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CompTIA Linux+ XK0-005 - 3.1 - Shell Script Elements: while Loops

In programming, loops are used to repeat a block of code multiple times. The while loop is one of the fundamental loop structures in Linux shell scripting. It allows you to execute a set of instructions repeatedly as long as a certain condition is true. The while loop is useful for automating tasks, iterating over lists or files, and processing data until a specific condition is met.

This guide will provide an overview of while loops in Linux shell scripting, explaining their syntax, usage, and common patterns. By understanding while loops, you'll be able to write efficient and powerful scripts to automate repetitive tasks.


The basic syntax of a while loop in shell scripting is as follows:

while [ condition ]
    # Code to be executed

The condition is a logical expression that is evaluated before each iteration. If the condition is true, the code inside the loop is executed. Once the code execution is complete, the condition is checked again, and the loop continues until the condition becomes false.


Let's look at an example to understand how while loops work in practice. Suppose we want to print a message five times:


while [ $counter -le 5 ]
    echo "Hello, World!"
    counter=$((counter + 1))

In this example, we initialize a variable counter with a value of 1. The while loop checks if the counter is less than or equal to 5. If it is, the code inside the loop is executed, which prints the message "Hello, World!" and increments the counter by 1. The loop continues until the counter becomes 6, at which point the condition becomes false, and the loop terminates.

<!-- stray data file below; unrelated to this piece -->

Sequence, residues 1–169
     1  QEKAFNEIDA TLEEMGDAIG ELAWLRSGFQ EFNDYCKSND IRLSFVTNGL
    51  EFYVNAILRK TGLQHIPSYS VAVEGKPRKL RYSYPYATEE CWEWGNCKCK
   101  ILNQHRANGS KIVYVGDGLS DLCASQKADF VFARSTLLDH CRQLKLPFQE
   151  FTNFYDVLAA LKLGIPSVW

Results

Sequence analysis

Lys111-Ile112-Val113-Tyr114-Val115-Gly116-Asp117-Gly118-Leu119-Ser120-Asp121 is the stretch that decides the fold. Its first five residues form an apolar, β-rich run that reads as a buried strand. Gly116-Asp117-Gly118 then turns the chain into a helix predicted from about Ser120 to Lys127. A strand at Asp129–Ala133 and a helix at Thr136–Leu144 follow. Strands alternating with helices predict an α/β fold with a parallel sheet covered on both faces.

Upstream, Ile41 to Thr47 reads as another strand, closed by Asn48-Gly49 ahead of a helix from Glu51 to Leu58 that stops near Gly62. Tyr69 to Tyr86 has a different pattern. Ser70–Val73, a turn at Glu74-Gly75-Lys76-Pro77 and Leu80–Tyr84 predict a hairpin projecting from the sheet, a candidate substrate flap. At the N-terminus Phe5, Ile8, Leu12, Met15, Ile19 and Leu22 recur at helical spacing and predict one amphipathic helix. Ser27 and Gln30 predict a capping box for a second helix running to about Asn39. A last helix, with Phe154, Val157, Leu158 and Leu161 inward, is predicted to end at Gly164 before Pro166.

Multiple Conditions

While loops can also have multiple conditions. In such cases, you can use logical operators such as && (AND) and || (OR) to combine the conditions. Here's an example:


while [[ $count -le 10 ]] && [[ $status == "running" ]]
    echo "Count: $count"
    # Perform some operations...

    # Check the status condition
    if [ $count -eq 5 ]; then

    count=$((count + 1))

In this example, the loop will execute as long as two conditions are met: the count variable is less than or equal to 10, and the status variable is set to "running". The loop body performs some operations (which you can customize) and checks the status condition. If the count reaches 5, the status is updated to "completed" to exit the loop.

This example illustrates how you can incorporate multiple conditions, including a combination of numerical and string comparisons, in a while loop. It demonstrates the flexibility of while loops in controlling program flow based on different conditions.


While loops are a powerful construct in Linux shell scripting that allow you to repeat code execution based on a given condition. They provide flexibility and control over the flow of your scripts, enabling automation of repetitive tasks. By understanding the syntax and usage of while loops, you can effectively utilize them in your shell scripts to achieve desired outcomes.

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